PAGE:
I remember driving up to Dave Mirra’s house a little less than two years ago. At first I’m greeted by his two Yorkies, Rex and Rocky, who leap off his porch as if they want to kill me. After a couple of pats on the head they trust that I’m not an intruder. A few seconds later I meet his wife, Laruen, who welcomes me into their incredible home that Dave designed by himself. Next come his two beautiful daughters, Madison and Mackenzie (better known by Dave’s nickname of “Madikenzâ€) who run to the door to greet me. They lead me by an array of classic BMX bikes hung on the wall and into the living room, where they had each hung a homemade poster to welcome me to Greenville and thank me for doing a story about their dad. I hadn’t even met Dave yet and already I loved the guy.
I finally head out to a massive garage to meet the man himself, who’s already busy doing some photos with friend and photographer Mark Losey, who I’d commissioned to shoot a cover for Lava. Dave is chilling on the bed of his blacked-out Ford F-150, and for the first time in my career, I’m a bit star-struck. I used to play his video game in high school, and now I’m hanging out in his backyard to do a story about someone I’d idolized since I first learned to ride a bike.
Dave leaps out of the bed of the truck to give me a bro hug and thank me for doing the story. I assure him the pleasure is all mine and tell him that he has the coolest house I’d ever seen. He asks me what the plan is for the shoot, and I say that I’d love to start with some shots of him riding his shiny new Cervelo around his neighborhood.
After he puts on his riding gear, Dave tosses me the keys to the truck so I can drive while Mark shoots off the bed. His girls of course want to come along for the ride, so Madi hops in the passenger seat and immediately starts asking me a million questions about where I’m from and why I’m doing a story on her dad. Kenzie jumps in the back so she can relay messages from Mark about whether I needed to slow down or speed up. I try to focus on keeping the speed steady, but the entire time I can’t stop thinking about how cool it is to be hanging out with Dave Mirra’s kids while I drive his truck.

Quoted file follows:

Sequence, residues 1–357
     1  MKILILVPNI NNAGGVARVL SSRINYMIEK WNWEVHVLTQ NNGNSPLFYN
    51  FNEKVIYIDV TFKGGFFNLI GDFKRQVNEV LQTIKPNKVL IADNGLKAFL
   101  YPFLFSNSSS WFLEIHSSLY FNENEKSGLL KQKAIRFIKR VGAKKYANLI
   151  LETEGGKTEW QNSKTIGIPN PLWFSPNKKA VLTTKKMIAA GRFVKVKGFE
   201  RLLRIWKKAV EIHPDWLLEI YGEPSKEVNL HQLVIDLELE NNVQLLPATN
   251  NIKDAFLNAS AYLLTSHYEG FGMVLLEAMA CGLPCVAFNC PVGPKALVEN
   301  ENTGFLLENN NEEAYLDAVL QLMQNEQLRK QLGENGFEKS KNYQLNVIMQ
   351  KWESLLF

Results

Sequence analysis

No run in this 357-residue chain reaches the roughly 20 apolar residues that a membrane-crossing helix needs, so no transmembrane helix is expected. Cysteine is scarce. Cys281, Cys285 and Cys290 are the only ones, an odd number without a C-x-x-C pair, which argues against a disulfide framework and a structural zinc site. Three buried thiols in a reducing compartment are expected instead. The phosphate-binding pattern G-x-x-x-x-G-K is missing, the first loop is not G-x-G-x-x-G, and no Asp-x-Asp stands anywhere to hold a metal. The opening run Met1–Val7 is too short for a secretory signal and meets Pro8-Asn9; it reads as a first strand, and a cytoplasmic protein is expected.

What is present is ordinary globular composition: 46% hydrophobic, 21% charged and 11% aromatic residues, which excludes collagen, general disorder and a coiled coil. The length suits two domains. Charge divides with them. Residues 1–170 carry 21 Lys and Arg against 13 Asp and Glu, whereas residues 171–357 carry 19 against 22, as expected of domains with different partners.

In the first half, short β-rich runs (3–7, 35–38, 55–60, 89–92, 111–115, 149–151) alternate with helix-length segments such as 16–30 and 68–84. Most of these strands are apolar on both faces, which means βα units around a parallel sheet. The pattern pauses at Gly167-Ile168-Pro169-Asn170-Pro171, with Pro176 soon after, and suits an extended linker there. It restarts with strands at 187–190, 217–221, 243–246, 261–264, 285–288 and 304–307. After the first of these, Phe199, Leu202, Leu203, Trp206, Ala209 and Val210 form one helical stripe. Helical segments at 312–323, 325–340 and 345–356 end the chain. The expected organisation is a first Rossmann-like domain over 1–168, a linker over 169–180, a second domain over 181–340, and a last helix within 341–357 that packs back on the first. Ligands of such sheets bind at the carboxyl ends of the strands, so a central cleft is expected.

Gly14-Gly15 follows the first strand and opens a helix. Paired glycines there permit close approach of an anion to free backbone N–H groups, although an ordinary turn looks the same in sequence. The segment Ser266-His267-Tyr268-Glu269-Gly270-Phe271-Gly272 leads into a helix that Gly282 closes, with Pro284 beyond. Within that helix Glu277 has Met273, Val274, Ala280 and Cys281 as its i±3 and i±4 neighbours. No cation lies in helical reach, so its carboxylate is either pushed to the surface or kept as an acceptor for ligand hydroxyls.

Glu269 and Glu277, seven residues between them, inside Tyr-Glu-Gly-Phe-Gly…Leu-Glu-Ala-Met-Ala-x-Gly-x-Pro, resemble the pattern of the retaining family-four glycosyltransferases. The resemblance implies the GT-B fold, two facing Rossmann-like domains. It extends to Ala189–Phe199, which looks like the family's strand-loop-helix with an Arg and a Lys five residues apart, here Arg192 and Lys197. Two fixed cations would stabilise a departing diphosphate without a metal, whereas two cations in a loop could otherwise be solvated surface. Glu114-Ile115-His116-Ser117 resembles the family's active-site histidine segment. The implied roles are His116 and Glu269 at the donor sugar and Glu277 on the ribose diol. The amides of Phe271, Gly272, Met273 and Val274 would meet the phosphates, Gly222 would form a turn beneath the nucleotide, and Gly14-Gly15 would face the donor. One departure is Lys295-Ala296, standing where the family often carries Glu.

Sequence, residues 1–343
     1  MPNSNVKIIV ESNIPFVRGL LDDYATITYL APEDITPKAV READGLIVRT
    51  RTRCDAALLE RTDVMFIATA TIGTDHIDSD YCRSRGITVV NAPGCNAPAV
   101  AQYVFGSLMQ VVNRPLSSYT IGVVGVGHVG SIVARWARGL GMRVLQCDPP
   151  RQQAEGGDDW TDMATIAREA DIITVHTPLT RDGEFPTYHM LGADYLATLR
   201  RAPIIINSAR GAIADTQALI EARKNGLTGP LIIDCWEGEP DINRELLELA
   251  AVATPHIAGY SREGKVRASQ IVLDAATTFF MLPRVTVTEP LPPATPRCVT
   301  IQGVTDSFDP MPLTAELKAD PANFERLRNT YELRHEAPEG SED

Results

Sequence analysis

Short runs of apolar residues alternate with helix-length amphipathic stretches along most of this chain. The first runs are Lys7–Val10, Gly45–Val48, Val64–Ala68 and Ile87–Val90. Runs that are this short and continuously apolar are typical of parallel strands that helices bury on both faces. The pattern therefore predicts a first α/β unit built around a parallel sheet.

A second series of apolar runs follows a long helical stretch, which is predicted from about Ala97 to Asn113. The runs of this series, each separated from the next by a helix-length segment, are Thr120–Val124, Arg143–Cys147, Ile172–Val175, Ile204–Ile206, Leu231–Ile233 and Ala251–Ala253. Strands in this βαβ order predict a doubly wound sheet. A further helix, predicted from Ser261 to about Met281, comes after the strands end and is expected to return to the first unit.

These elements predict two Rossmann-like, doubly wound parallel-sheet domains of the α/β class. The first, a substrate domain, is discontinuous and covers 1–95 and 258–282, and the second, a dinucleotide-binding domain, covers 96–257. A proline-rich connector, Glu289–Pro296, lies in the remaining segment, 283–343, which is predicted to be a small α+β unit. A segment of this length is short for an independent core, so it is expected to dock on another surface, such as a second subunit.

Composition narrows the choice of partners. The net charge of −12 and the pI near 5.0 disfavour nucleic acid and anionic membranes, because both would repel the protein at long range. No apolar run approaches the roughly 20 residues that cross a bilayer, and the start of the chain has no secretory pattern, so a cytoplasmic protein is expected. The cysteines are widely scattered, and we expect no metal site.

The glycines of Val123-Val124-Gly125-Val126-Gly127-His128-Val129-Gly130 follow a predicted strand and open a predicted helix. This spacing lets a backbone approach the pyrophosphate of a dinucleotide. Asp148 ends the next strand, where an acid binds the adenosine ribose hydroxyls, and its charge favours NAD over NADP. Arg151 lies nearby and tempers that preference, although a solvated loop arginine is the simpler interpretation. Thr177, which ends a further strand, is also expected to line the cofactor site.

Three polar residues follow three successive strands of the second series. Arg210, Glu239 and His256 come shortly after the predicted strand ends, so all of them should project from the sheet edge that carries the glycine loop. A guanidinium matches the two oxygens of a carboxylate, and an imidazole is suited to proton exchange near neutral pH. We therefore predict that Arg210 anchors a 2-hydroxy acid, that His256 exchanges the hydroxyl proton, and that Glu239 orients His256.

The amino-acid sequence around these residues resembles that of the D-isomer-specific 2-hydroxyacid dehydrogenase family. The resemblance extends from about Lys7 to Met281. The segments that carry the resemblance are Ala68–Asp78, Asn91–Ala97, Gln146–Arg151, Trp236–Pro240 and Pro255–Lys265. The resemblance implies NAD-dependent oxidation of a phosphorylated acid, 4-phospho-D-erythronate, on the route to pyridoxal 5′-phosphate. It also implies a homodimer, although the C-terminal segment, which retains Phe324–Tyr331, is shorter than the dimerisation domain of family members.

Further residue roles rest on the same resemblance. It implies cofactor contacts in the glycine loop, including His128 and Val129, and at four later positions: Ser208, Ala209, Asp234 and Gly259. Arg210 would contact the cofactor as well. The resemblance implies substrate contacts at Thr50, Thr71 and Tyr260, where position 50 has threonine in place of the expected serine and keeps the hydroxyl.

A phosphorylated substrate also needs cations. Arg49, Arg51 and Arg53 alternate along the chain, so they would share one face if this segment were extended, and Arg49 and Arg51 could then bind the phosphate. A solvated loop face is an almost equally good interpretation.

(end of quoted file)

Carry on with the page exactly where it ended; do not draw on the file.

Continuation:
A few hours ago I walked into my house after a run to find the phone ringing. It was my colleague, Jay Prasuhn, who gave me the terrible news that Dave had apparently shot himself in that very same truck. I’ve hardly been able to move, talk or think since then. All I keep thinking about is that time I met him in his backyard, and what a beautiful family and life he had.
In the time since I first met Dave, I’ve been grateful to get to know him and to welcome him into a sport that was so lucky to have him. I helped put him in touch with a few companies I thought might be interested in sponsoring him, and he’d always text or call to say thanks. He would sometimes call or text to ask for swimming advice. Dave was a great triathlete but a terrible swimmer. Every time he called I would think about how cool it was to have Dave Mirra asking me about how to be a better swimmer.
Dave loved bikes more than anyone I’ve ever met. He loved his wife and girls. He loved fast cars, red wine and flat-brim hats. Dave loved life. I guess that’s why today doesn’t make any sense.
The last time I saw Dave was in Kona, after the 2014 race that he had come to watch. He had a glass of red wine, I had a beer, and we talked about how the next time I saw him on Ali’i Drive he’d be racing. I can’t believe I won’t get to see that day.
I don’t know what else to say other than that I’ll miss you, Dave. You were an amazing person. Thanks for inspiring so many of us.